- Overall Story Preconditions
The “boyz” are reminded of what has happened in the past and told to visualize what needs to happen to achieve their goal of the future: Ricky’s mother asks him to imagine the impact having another child will make on his future, and makes it clear that SHE doesn’t want to raise another child of his; Furious must visualize how to raise his son to be a man; and so forth.
- Overall Story Forewarnings
Reva wants her son to understand the reason she is allowing Furious to raise him is to avoid a future in jail, as a drunk, or dead; Furious and Brandi understand that if Tre seeks retaliation for Ricky’s death, negative consequences will occur; Doughboy understands his actions may very well lead to an early demise; a young Doughboy and Chris don’t understand the consequences of stealing.
Dynamic Act Appreciations
- Overall Story Signpost 1
Everybody is concerned with how things stand in the hood; what is taught in the inner city elementary schools is not relevant to the world of inner city children; kids scoff at Furious’ offer to pay $5 to rake his lawn, knowing that they can make more money otherwise; life in the hood is volatile and violent with a high crime and a slow police response rate.
- Overall Story Signpost 2
From the time Tre and his friends are children until they are teens, no progress toward a stable environment in the hood has been made; Tre is concerned with his progress with Brandi; Ricky is concerned with getting into college on a football scholarship; and so forth.
- Overall Story Signpost 3
Brenda is sure Ricky will obtain a football scholarship, as he never was without a football as a child; Brandi lets go of her past resolution to wait until after marriage to have sex; Tre is faced with the past when he is harassed by the same cop who aggravated his father years ago; no one in the hood is learning from the past, as the violence goes on day after day.
- Overall Story Signpost 4
Ricky is concerned with having a future, instead of living the dead-end life his brother leads; Furious and Reva discuss their son’s future; and so forth.
- Main Character Signpost 1
Tre learns that breaking the contract he agreed to with his mother means his father is to raise him; Tre learns life with father includes adhering to strict rules and regulations; to be a leader means learning three rules: always look a person in the eye, don’t be afraid to ask your father for anything, don’t respect anyone who doesn’t respect you.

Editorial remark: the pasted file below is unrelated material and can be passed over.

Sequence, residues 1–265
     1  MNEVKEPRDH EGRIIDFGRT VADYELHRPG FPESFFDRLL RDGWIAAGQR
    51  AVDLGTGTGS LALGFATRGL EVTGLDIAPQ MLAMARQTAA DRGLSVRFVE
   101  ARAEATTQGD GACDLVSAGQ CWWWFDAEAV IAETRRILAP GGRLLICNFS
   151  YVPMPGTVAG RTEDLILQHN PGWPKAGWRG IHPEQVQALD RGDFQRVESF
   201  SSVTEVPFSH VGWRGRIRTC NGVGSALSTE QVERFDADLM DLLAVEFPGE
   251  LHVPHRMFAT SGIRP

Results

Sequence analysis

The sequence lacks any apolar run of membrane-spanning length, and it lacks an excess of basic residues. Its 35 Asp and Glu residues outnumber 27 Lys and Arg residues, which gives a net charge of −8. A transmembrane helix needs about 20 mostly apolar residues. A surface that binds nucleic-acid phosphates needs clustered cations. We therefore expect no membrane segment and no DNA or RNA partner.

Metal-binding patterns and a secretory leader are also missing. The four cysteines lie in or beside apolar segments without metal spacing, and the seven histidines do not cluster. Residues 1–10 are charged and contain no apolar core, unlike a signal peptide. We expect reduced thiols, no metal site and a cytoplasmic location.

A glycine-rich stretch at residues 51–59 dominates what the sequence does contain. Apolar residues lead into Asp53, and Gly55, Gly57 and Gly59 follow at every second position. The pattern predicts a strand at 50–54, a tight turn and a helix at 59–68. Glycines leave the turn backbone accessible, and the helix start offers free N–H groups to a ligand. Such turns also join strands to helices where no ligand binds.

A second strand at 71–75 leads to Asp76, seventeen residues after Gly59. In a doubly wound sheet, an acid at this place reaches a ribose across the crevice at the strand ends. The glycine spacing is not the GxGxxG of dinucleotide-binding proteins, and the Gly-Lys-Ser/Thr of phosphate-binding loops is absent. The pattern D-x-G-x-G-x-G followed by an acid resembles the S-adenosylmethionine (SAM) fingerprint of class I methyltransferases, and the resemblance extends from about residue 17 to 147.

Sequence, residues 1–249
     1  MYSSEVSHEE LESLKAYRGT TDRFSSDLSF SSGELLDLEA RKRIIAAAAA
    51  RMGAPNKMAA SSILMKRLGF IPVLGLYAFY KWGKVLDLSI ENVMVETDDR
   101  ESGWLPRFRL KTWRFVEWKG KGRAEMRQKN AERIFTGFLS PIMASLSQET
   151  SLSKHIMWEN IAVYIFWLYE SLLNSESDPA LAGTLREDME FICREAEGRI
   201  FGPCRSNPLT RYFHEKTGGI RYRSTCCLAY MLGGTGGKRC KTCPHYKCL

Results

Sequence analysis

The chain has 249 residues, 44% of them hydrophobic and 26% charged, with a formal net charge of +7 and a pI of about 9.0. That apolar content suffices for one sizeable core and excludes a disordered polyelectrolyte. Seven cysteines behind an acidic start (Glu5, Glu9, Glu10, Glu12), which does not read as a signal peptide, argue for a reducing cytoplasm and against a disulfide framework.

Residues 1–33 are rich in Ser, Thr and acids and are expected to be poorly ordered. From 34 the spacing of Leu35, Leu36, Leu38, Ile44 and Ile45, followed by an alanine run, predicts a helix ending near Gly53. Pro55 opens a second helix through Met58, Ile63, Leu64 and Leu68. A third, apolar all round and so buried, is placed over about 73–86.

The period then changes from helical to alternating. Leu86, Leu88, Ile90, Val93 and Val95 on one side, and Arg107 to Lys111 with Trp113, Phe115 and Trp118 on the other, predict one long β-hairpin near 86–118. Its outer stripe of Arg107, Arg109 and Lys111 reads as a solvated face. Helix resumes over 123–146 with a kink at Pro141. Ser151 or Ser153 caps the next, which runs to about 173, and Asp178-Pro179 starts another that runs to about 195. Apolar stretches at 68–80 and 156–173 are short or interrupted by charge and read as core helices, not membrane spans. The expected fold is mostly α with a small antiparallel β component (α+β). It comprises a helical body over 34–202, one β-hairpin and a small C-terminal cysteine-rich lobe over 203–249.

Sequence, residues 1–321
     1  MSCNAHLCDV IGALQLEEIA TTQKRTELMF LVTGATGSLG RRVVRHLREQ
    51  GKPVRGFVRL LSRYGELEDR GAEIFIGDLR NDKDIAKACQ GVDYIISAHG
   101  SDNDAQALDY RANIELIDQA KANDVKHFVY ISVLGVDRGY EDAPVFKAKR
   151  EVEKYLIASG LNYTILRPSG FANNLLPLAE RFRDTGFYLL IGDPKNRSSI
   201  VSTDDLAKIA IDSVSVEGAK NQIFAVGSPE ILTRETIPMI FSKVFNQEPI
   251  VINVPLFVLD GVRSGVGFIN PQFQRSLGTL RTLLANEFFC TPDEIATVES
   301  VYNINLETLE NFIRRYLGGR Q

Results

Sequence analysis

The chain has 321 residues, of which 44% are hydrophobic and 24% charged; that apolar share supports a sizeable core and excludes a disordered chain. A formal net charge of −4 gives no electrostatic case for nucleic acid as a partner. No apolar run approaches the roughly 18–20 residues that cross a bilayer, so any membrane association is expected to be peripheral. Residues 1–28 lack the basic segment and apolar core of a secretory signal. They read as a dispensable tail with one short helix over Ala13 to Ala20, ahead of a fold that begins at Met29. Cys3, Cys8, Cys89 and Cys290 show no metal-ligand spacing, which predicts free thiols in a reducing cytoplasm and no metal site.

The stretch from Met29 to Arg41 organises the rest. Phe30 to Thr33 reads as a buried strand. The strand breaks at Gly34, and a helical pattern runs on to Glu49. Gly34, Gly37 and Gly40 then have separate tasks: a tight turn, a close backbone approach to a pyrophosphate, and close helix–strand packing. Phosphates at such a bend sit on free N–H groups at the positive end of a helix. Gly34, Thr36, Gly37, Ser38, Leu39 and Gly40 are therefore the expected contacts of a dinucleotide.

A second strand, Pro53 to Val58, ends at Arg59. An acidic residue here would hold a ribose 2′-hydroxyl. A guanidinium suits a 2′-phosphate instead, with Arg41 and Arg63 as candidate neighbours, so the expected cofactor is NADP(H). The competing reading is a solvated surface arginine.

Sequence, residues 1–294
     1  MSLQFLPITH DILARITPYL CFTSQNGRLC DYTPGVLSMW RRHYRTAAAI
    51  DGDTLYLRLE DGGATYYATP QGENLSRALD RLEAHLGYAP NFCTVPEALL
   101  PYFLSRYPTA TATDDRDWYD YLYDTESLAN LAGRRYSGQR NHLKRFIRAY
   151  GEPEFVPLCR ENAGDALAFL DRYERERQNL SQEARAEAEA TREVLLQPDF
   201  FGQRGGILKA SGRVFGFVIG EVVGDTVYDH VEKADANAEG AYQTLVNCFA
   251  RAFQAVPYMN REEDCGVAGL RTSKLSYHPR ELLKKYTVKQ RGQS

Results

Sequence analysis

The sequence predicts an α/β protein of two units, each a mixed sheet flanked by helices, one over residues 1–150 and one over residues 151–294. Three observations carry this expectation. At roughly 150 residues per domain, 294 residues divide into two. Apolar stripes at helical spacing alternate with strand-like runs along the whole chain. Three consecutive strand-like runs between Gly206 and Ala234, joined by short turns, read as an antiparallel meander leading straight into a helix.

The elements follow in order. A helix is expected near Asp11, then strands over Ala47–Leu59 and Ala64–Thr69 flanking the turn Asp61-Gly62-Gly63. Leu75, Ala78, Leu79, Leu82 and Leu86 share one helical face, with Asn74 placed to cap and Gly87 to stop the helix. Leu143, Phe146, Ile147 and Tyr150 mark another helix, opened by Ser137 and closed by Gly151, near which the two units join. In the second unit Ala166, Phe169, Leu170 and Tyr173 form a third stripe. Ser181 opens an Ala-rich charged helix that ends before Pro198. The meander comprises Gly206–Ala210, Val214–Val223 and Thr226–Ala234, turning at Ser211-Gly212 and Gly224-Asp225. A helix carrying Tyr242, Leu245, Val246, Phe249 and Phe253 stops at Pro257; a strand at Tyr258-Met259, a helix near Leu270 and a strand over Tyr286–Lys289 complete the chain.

- Main Character Signpost 2
Tre is concerned with obtaining sexual experience.
- Main Character Signpost 3
After the violence on the street and the harassment by cops, Tre comprehends the desolation of his living situation; Tre understands he can open up and share his emotions with Brandi, and still be a man.
- Main Character Signpost 4
Tre sets out to avenge Ricky’s death.
- Influence Character Signpost 1
Furious is concerned with fulfilling the role of a good father.
- Influence Character Signpost 2
Furious does not want to become a grandfather before his time.
- Influence Character Signpost 3
Furious shares his ideas about gentrification with Tre, Rick, and others. To avoid gentrification, he comes up with the idea of keeping everything in their neighborhoods black-owned.
- Influence Character Signpost 4
Furious realizes that it is too late to implement any ideas he may have to prevent his son from seeking revenge for Ricky’s death.
- Relationship Story Signpost 1
Furious asks Tre to recall the house rules; Furious recollects how he felt about being a teen father, and how he wanted to be someone Tre could look up to; Furious makes Tre commit to memory the three rules to follow in order to become a leader.
- Relationship Story Signpost 2
When Furious asks Tre about his sex life, Tre impulsively makes up a story about he and a girl to appear “macho” for his father. Furious reprimands Tre for not using condoms during sex. (Not a problem, since Tre lied about his sexual encounter.)
- Relationship Story Signpost 3
In his gentrification speech, Tre learns from Furious why as African Americans they must resolve to unite, instead of fighting and killing each other-and eventually wiping out their race.
- Relationship Story Signpost 4
After a discussion with Furious why seeking revenge against Ricky’s killers would be a poor course of action to take, Tre, fully aware of the detrimental consequences, still joins his friends in the endeavor.
Plot Progression Visualizations
Dynamic Act Schematics
OS: MC: IC: RS: